We care what people think of us. The thesis that beliefs wrong, although compelling, can sound ridiculous. The norms that properly govern belief are plausibly epistemic norms such as truth, accuracy, and evidence. Moral and prudential norms seem to play no role in settling the question of whether to believe p, and they are irrelevant to answering the question of what you should believe. This leaves us with the question: can we wrong one another by virtue of what we (...)
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  30. Belief Is Credence One (in Context).Roger Clarke - 2013 - Philosophers' Imprint 13:1-18.
    This paper argues for two theses: that degrees of belief are context sensitive; that outright belief is belief to degree 1. The latter thesis is rejected quickly in most discussions of the relationship between credence and belief, but the former thesis undermines the usual reasons for doing so. Furthermore, identifying belief with credence 1 allows nice solutions to a number of problems for the most widely-held view of the relationship between credence and belief, the (...)
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  31.  13
    Religious belief and the will.Louis P. Pojman - 1986 - New York: Routledge and Kegan Paul.
  32. Beyond belief.Daniel C. Dennett - 1982 - In Andrew Woodfield (ed.), Thought And Object: Essays On Intentionality. New York: Oxford: Clarendon Press.
     
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  33. Belief Revision for Growing Awareness.Katie Steele & H. Orri Stefánsson - 2021 - Mind 130 (520):1207–1232.
    The Bayesian maxim for rational learning could be described as conservative change from one probabilistic belief or credence function to another in response to newinformation. Roughly: ‘Hold fixed any credences that are not directly affected by the learning experience.’ This is precisely articulated for the case when we learn that some proposition that we had previously entertained is indeed true (the rule of conditionalisation). But can this conservative-change maxim be extended to revising one’s credences in response to entertaining propositions (...)
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  34. Bad beliefs: automaticity, arationality, and intervention.Stephen Gadsby - 2023 - Philosophical Psychology 36 (4):778-791.
    Levy (2021 Levy, N. (2021). Bad beliefs: Why they happen to good people. Oxford University Press.[Crossref], [Google Scholar]) argues that bad beliefs predominately stem from automatic (albeit rational) updating in response to testimonial evidence. To counteract such beliefs, then, we should focus on ridding our epistemic environments of misleading testimony. This paper responds as follows. First, I argue that the suite of automatic processes related to bad beliefs extends well beyond the deference-based processes that Levy identifies. Second, I push back (...)
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  35. Dispositional beliefs and dispositions to believe.Robert Audi - 1994 - Noûs 28 (4):419-34.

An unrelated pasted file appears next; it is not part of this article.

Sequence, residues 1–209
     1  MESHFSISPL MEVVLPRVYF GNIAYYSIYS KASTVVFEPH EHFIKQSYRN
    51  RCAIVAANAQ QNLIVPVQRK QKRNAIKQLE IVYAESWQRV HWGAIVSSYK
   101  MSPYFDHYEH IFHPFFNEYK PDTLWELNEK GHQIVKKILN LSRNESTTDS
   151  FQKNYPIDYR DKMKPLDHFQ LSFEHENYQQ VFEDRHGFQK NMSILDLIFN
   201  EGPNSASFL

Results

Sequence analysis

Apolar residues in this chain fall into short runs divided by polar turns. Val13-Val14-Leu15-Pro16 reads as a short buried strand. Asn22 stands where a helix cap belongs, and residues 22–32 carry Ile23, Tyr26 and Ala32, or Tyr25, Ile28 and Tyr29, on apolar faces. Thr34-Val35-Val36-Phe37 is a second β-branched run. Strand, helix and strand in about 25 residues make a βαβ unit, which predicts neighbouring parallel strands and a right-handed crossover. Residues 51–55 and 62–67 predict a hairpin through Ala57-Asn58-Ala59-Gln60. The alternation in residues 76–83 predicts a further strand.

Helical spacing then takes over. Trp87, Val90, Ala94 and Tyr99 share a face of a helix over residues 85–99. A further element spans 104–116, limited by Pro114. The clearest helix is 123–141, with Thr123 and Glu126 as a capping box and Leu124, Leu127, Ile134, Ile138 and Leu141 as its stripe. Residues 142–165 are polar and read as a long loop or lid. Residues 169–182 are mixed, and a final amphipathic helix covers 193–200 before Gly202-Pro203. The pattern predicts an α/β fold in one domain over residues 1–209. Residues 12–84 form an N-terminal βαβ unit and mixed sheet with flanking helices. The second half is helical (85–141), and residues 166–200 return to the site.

36. Voluntary belief and epistemic evaluation.Richard Feldman - 2019 - In Jeremy Fantl, Matthew McGrath & Ernest Sosa (eds.), Contemporary epistemology: an anthology. Hoboken, NJ: Wiley.
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  37. The wrongs of racist beliefs.Rima Basu - 2018 - Philosophical Studies 176 (9):2497-2515.
    We care not only about how people treat us, but also what they believe of us. If I believe that you’re a bad tipper given your race, I’ve wronged you. But, what if you are a bad tipper? It is commonly argued that the way racist beliefs wrong is that the racist believer either misrepresents reality, organizes facts in a misleading way that distorts the truth, or engages in fallacious reasoning. In this paper, I present a case that challenges this (...)
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  38. Belief's Own Ethics.Jonathan Eric Adler - 2002 - MIT Press.
    In this book Jonathan Adler offers a strengthened version of evidentialism, arguing that the ethics of belief should be rooted in the concept of belief--that...
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  39. Beliefs That Wrong.Rima Basu - 2018 - Dissertation, University of Southern California
    You shouldn’t have done it. But you did. Against your better judgment you scrolled to the end of an article concerning the state of race relations in America and you are now reading the comments. Amongst the slurs, the get-rich-quick schemes, and the threats of physical violence, there is one comment that catches your eye. Spencer argues that although it might be “unpopular” or “politically incorrect” to say this, the evidence supports believing that the black diner in his section will (...)
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  40. Against Publishing Without Belief: Fake News, Misinformation, and Perverse Publishing Incentives.Rima Basu - forthcoming - In Sanford C. Goldberg & Mark Walker (eds.), Attitude in Philosophy. Oxford University Press.
    The problem of fake news and the spread of misinformation has garnered a lot of attention in recent years. The incentives and norms that give rise to the problem, however, are not unique to journalism. Insofar as academics and journalists are working towards the same goal, i.e., publication, they are both under pressures that pervert. This chapter has two aims. First, to integrate conversations in philosophy of science, epistemology, and metaphilosophy to draw out the publishing incentives that promote analogous problems (...)
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  41. Belief, Credence, and Evidence.Elizabeth Jackson - 2020 - Synthese 197 (11):5073-5092.